Now that the two leading diversified 3D printing companies, 3D Systems (NYSE:DDD) and Stratasys (NASDAQ:SSYS), have reported fourth-quarter and full-year 2016 earnings, we can directly compare their 2016 results and 2017 guidance.
Keep in mind that qualitative factors can be just as meaningful as quantitative ones, and future results are more important than current ones. Even with these caveats, the findings from this metric face-off should be helpful for making investing decisions in this space.
|3D Systems||5% year-over-year decline to $633.0 million|
|Stratasys||3.4% decline to $672.5 million|
Advantage: Stratasys, slightly.
Stratasys generated the most revenue in 2016, and its year-over-year revenue decline was smaller than 3D Systems', so it wins this category. However, its advantage isn't as solid as it might appear. If we exclude 3D Systems' 2015 revenue from consumer products -- a category it discontinued -- its year-over-year revenue edged down only about 2%.
Both companies have struggled to grow revenue over the past two years. Stratasys' management has attributed the slowdown in demand for 3D printers largely to overcapacity in the field resulting from the large number of machines purchased in the preceding few years, as well as to a lengthening of sales cycles resulting from an increasing number of product choices. This latter dynamic could continue, as compelling new entrants -- such as HP Inc. and venture capital-backed Carbon -- launched 3D printers in 2016.
GAAP earnings per share (EPS)
|3D Systems||($0.35), up from 2015's ($5.85)|
|Stratasys||($1.48), up from ($26.64)|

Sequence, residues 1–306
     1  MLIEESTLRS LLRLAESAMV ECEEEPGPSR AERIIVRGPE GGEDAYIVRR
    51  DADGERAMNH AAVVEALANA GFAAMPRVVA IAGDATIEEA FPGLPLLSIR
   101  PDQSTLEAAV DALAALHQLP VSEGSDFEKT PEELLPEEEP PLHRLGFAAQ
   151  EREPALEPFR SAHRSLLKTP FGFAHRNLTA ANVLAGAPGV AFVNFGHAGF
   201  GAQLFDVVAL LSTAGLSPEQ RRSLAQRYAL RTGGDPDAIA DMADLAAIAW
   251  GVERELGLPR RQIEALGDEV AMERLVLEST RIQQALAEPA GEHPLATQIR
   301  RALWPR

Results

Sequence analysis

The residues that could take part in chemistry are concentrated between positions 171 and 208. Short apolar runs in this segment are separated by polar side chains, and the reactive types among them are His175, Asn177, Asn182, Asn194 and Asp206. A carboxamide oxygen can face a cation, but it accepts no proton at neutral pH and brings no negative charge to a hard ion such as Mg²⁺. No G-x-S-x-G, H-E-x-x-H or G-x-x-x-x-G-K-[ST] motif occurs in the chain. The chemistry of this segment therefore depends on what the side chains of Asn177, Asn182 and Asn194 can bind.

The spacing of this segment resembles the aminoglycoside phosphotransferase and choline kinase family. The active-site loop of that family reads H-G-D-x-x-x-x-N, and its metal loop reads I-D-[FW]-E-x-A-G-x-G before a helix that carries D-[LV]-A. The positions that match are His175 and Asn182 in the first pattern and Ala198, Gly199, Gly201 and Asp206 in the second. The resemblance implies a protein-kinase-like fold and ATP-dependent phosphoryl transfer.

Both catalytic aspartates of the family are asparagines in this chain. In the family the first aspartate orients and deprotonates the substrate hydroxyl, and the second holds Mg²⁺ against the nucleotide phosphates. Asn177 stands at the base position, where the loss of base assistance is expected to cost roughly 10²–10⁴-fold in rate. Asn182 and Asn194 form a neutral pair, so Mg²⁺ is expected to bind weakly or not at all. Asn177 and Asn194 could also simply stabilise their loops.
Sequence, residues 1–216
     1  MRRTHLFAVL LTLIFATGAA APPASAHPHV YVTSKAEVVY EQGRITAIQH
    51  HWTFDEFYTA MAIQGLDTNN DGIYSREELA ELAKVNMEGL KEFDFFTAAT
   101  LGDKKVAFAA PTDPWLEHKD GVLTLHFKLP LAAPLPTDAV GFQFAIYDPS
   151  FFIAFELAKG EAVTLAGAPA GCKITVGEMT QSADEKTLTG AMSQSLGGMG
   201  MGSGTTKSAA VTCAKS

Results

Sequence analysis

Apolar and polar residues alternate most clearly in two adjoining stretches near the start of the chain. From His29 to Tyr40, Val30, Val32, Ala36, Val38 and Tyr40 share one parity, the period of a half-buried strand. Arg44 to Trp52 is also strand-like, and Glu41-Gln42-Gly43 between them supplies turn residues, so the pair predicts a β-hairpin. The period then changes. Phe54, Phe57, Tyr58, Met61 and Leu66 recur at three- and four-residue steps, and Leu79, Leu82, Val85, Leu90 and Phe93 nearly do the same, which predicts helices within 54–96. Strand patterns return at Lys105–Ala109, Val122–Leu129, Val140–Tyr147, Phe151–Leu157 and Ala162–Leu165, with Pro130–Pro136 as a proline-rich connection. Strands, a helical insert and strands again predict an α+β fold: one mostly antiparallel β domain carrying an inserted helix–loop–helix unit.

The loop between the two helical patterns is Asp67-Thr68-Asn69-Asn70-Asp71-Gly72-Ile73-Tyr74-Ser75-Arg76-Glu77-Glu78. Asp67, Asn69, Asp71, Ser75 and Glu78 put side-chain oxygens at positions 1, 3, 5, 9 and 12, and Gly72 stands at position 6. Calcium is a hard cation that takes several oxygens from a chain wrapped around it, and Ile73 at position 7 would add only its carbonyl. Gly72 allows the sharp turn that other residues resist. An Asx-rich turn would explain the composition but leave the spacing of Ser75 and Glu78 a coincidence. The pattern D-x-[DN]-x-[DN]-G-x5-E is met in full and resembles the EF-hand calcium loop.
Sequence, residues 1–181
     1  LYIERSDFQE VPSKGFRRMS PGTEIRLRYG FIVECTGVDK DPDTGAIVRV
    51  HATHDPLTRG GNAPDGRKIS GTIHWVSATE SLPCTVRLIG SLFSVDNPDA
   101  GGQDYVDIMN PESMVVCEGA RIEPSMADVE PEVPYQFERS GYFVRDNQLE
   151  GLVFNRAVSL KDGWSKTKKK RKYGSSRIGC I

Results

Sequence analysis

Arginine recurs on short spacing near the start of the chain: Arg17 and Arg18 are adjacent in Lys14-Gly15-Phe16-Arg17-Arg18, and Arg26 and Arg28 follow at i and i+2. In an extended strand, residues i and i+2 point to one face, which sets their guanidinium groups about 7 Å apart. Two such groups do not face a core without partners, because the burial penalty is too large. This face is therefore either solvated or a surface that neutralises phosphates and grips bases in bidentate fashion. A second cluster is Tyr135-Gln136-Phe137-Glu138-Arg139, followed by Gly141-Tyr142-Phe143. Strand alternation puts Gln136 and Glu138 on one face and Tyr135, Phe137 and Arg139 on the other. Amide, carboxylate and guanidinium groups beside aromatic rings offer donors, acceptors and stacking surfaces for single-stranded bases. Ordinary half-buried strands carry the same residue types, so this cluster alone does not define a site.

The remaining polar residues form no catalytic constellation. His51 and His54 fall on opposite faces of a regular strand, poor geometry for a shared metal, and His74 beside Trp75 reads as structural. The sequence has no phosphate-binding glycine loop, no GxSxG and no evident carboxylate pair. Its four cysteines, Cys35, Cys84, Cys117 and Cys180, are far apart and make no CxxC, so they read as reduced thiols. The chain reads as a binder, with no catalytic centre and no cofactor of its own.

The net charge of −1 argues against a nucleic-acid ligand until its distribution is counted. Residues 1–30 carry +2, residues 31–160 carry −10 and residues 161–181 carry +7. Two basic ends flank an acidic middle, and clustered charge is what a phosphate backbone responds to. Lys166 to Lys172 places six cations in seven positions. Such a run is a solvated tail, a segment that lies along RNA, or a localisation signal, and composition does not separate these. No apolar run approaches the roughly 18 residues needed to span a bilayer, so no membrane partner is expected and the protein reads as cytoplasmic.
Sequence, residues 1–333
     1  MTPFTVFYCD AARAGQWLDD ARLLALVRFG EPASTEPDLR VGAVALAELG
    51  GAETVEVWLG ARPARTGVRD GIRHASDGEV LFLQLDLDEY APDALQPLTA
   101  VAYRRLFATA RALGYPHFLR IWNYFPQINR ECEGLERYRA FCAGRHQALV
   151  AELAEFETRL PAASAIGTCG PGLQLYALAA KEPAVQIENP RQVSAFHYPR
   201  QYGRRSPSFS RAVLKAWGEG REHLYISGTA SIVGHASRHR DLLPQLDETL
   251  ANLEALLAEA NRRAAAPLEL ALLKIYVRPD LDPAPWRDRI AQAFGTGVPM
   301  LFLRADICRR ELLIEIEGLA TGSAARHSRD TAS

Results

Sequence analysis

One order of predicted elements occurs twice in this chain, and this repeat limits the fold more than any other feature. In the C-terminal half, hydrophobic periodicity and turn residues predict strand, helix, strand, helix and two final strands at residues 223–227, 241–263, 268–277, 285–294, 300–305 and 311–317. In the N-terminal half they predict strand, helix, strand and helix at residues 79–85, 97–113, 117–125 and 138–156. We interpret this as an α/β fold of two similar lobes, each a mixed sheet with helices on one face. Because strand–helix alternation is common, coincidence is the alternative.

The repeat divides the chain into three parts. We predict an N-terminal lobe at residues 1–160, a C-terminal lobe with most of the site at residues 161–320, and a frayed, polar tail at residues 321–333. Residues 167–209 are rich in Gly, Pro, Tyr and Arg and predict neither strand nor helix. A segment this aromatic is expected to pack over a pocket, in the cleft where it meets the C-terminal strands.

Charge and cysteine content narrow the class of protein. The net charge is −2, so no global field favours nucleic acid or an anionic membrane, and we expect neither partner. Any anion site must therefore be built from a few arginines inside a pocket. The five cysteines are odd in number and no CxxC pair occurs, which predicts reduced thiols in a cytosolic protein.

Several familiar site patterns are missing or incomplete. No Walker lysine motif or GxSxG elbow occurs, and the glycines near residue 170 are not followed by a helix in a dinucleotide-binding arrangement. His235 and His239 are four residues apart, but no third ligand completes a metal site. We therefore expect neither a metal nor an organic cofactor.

We can't draw conclusions by directly comparing EPS results because the companies don't have the same number of shares outstanding. Both companies are unprofitable from a GAAP standpoint, so neither is doing well. That said, they both showed significant improvement on this key metric in 2016.
Non-GAAP or adjusted EPS
|3D Systems||$0.46, up 70% from 2015's $0.27|
|Stratasys||$0.28, up 47% from $0.19|
Advantage: 3D Systems.
The same comment as before applies to directly comparing the companies' adjusted EPS results. Relative to 2015's results, however, 3D Systems is the decisive winner because its adjusted EPS increased more than Stratasys' did.
GAAP gross profit margin
|3D Systems||48.9%, up from 43.8%|
|Stratasys||47.2%, up from 14.2%|
Advantage: Stratasys, slightly.
Stratasys wins this category since it has the better GAAP gross margin -- though not by much. Stratasys' GAAP gross margin was extremely low in 2015, largely because of hefty goodwill impairment charges for both its enterprise business ($730 million to $770 million) and MakerBot ($436 million to $476 million). The desktop 3D printer unit imploded in 2015 following the company releasing the fifth-generation Replicator with widespread quality issues.
Liquidity -- net cash on hand and operating cash flow
|3D Systems||$184.9 million in cash and no long-term debt at the end of 2016. Generated $56.9 million in cash from operations during the year.|
|Stratasys||$280.3 million in cash and no long-term debt at the end of 2016. Generated $62 million in cash from operations during the year.|